Dual Fuel Heat Pump

What Is A Dual Fuel Heat Pump?
A dual fuel heat pump is an air-source heat pump designed to be installed and to work with a forced air furnace heating system. The forced air furnace can be new or existing, and can be fueled with natural gas or propane. The dual fuel heat pump works in conjunction with your present furnace, regardless of fuel type.

How Does It Work?
A dual fuel heat pump works with your heating system. In the summer, a dual fuel heat pump works like a central air conditioner, transferring heat from your house to the outside air. In the winter, it transfers heat indoors from the outside air. The forced air furnace provides booster heat during extremely cold winter weather. The dual fuel heat pump works automatically with the forced air furnace to provide continuous temperature control.

The Heat Pump Advantage
A dual fuel heat pump system combines the best features of two types of equipment. During milder winter weather, the heat pump transfers heat from the outside air, rather than creating it. During most of the winter, the heat pump operates efficiently and costs less to heat your house that the fossil fuel furnace. During severe winter weather, when the heat pump’s capacity drop’s because of low outdoor temperature, the forced air furnace takes over automatically to provide constant heating comfort.

The Money You Save
Although the initial cost of a dual fuel heat pump may be more than a central air conditioner, a dual fuel system will provide savings over time that will more than make up for the initial investment. 70% or more of your heating needs can be satisfied by a heat pump.

Next Steps To Installing A Dual Fuel Heat Pump

  • Pick a qualified heating/cooling contractor that has experience installing heat pumps. North American Technician Excellence (NATE) contractors are recommendend.
  • Ask your heating/cooling contractor to accurately evaluate your home for the installation and capacity requirements of a heat pump system. This evaluation should consist of a computer generated analysis showing the amount of heating and cooling needed to condition your home for winter and summer.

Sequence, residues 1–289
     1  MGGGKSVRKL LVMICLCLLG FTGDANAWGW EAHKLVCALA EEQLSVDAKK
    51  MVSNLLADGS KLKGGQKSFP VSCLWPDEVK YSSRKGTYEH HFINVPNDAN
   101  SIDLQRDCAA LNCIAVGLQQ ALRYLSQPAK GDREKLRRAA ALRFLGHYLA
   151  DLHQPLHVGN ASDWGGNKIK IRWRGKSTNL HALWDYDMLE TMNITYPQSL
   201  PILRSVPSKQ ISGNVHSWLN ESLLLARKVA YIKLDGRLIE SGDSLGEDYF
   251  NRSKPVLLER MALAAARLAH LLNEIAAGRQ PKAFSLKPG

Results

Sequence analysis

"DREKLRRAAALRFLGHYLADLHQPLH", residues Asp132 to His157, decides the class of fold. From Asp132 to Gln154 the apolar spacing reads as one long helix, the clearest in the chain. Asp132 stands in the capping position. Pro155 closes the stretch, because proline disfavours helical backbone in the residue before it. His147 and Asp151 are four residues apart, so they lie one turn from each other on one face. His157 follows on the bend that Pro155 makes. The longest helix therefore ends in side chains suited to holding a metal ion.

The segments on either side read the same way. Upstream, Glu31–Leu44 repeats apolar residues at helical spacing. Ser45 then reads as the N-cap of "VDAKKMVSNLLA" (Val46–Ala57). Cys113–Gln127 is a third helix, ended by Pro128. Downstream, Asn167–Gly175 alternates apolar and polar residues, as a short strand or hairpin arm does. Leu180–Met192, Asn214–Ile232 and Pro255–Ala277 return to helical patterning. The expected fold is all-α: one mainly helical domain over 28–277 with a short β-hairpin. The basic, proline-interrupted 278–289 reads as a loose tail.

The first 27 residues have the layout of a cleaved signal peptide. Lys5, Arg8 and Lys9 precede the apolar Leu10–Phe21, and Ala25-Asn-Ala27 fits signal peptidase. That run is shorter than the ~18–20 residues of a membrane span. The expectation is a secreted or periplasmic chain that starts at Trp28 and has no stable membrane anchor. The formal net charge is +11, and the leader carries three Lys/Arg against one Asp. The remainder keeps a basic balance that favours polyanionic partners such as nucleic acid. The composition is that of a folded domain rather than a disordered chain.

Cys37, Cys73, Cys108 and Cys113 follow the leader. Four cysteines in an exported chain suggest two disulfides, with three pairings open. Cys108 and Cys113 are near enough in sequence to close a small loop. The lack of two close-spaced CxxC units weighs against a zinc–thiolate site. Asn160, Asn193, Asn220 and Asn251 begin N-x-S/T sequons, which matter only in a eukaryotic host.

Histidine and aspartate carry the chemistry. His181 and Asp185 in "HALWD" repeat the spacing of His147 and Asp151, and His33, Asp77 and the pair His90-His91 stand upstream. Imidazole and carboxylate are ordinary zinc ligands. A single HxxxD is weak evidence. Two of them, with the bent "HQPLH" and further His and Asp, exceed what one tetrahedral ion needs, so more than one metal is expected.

When requesting bids from qualified dealers, consider options such as: variable speed air handler; duct sealing; programmable thermostats; mechanical ventilation and air filtration.
  • Once you receive the bids, have your contractor explain the EFFICIENCY of the heat pump. The efficiency rating for the heat pump air conditioning cycle is called the Seasonal Energy Efficiency Ratio or SEER. The SEER rating can range from 13 to 21 to SEER. The efficiency rating for the heat pump heating cycle is called Heating Seasonal Performance Factor or HSPF. The HSPF rating can range from 6.5 to 9.9 HSPF.
  • The important thing to remember is: the larger the SEER and HSPF rating, the more efficient your heat pump will be. It is recommended that you purchase the most efficient system that you can afford. As time goes on, the more efficient heating system that you buy today will save you money tomorrow.


For More Information
To find out more about the advantages of a dual fuel heat pump, contact your local heating/cooling contractor.

If you have questions, contact your local dealer, power supplier or your local Nebraska Public Power District Office.